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GOP picks three for Varn vacancy
Feb 14, 2013 - By Christina George, Staff Writer
The Fremont County Commission has the final say on who will replace the departing Fremont County Attorney.
The Fremont County Republican Party on Wednesday approved three names to submit to the Fremont County Commission for considered in the appointment of a new county attorney.
The finalists are Fremont County deputy attorney Pat LeBrun, Cheyenne-based criminal defense attorney H. Michael Bennett and Lander attorney Perry Marple.
Marple was added to the list as a formality because state statute requires three names be submitted to the county board.
The slate was approved unanimously.
Fremont County Attorney Brian Varn is vacating the elected position effective Feb. 28. Because he is a member of the Republican Party, his successor must belong to the GOP.
Party chairman John Birbari told the more than 40 attendees at the Feb. 13 meeting this is the fifth time in 15 or 16 years the county GOP has had to find a replacement for an elected office because of a vacancy between elections. The list includes a previous sheriff, a state representative and a state senator. Varn secured the county attorney position in a similar fashion nearly four years ago when Ed Newell resigned from office.
Commissioners are expected to interview candidates at their Feb. 19 meeting before making the appointment. The individual selected will carry out the remainder of Varn's term through 2014.
The hour-long meeting at the Fremont County Courthouse in Lander gave LeBrun and Bennett a chance to tell other party members about themselves and answer questions from the audience.
"I am very well qualified," LeBrun said. "The Fremont County Attorney has a very important job. ... And the county attorney has real work to do tomorrow."
Bennett believes he is the person for the job.
"I came from Cheyenne today to tell you why I'm the perfect man to be the next Fremont County Attorney," Bennett said.
LeBrun, who announced his intention to seek the spot the day Varn formally submitted his resignation letter, said he is qualified to be the next county attorney because he has familiarity with the office. LeBrun has been a prosecutor in Fremont County for nearly four years.
"I know the workload train doesn't stop so someone can get on it," he said. "The county attorney doesn't have time to learn the job."
LeBrun noted his "excellent rapport" with the office's attorneys and staff and his working relationship with local law enforcement. He said he began learning about the position several months ago when Varn said he would be leaving the job due to family obligations.
Bennett is a 1992 Lander Valley High School graduate. His post-graduation years included time in Mexico and the Dominican Republic. After law school, his first job involved working with indigent people on civil matters. He then served as staff attorney for the Wyoming Division of Criminal Investigation. He was also a deputy prosecutor in Albany County.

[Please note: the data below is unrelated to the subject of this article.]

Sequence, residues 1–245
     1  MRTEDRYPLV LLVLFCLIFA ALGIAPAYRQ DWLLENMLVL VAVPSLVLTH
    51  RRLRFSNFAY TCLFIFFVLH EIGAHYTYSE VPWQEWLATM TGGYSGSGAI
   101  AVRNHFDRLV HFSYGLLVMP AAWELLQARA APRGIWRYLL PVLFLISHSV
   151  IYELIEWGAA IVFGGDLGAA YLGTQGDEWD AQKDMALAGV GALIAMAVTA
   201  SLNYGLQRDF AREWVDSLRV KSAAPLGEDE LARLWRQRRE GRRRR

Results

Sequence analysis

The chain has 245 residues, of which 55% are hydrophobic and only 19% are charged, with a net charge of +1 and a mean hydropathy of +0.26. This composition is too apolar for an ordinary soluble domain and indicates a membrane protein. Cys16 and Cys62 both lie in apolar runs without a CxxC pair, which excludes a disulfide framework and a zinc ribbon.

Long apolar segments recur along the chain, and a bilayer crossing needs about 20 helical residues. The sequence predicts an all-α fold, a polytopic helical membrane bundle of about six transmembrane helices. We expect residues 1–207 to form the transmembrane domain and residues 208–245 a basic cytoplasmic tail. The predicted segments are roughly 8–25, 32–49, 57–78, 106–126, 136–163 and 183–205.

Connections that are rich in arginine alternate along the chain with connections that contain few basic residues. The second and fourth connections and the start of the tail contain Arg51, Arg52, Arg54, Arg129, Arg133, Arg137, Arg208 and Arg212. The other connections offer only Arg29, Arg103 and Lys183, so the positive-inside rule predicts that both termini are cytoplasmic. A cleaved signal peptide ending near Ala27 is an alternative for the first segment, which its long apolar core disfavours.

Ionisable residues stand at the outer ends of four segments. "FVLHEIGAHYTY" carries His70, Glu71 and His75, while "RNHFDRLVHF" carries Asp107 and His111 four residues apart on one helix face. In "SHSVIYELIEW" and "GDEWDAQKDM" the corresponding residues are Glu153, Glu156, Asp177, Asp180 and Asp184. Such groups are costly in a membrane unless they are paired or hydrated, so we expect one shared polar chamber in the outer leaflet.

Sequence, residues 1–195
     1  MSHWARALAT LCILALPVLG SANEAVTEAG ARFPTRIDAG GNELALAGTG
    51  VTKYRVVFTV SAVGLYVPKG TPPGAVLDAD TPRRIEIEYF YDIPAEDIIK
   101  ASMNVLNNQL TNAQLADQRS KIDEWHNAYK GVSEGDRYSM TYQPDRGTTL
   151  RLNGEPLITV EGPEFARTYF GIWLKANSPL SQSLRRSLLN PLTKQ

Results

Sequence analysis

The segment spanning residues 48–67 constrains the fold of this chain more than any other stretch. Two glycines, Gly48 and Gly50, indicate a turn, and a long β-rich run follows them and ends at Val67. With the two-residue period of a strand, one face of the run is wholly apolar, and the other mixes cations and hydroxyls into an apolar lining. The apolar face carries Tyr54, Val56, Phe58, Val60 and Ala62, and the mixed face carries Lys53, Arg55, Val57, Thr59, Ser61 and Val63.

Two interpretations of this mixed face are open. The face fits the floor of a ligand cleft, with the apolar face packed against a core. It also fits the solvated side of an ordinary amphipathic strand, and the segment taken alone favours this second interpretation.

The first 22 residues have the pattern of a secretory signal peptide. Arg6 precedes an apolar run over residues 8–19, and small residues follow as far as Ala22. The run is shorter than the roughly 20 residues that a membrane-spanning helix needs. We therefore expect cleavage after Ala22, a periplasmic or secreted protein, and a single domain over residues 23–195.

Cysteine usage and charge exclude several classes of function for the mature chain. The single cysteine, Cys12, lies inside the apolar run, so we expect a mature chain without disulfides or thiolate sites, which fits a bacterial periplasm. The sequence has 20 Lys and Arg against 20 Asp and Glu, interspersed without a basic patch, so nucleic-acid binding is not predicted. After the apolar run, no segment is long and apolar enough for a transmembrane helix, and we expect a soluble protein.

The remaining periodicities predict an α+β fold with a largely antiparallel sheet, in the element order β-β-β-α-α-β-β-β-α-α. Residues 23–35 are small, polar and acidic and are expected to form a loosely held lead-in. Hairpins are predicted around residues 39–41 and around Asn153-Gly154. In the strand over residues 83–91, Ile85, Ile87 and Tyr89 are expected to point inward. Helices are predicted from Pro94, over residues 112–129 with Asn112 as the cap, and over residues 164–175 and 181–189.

"I can hit the ground running," Bennett told the crowd. "If given the opportunity, I would serve Fremont County well, and I am the man to do it."
Meeting attendees had a chance to ask candidates questions, with topics of interest ranging from the men's philosophical views to their experience in the field.
LeBrun estimated he has handled 25 jury trials, and Bennett said he has covered about 20.
When asked about projects he would like to undertake, LeBrun said the office is working to convert to a paperless system. He also plans to continue Varn's work in revamping the local juvenile justice system.
Bennett agreed that both projects are important.
An attendee asked LeBrun how he would handle supervising attorneys who were friends.
"Mr. Varn has done a fantastic job lining this office with very mature, professional attorneys," LeBrun answered.
He added he has been in the supervising role for several months and believes he has the respect of the attorneys.
Another attendee asked about ideas to make the court process speedier.
Bennett said he has learned that having a good relationship with a prosecutor and finding "middle ground" with the defense can help.
LeBrun said it's not always easy to speed things up because of the "massive amount of litigation, and everyone has a right to their day in court."
"We've got it down to about six months," he said about closing a case.
He added the office currently has 120 active felony cases, but about 115 of those probably will be settled before going to trial.
Regarding jurisdictional issues with the Wind River Indian Reservation, LeBrun said he plans to become a member of the tribal bar. He also intends to make sure tribal leaders know they can call him, something he learned from Varn.
"As a county attorney, you have to reach out," Bennett agreed. "You actually have to listen to them, not just say it."
Bennett said he would run the office with honesty and commitment to the community in mind.
"I will serve all of you," he said. "It's about me serving this community."
LeBrun said his priority would be to protect the community effectively and efficiently at the lowest cost possible to taxpayers.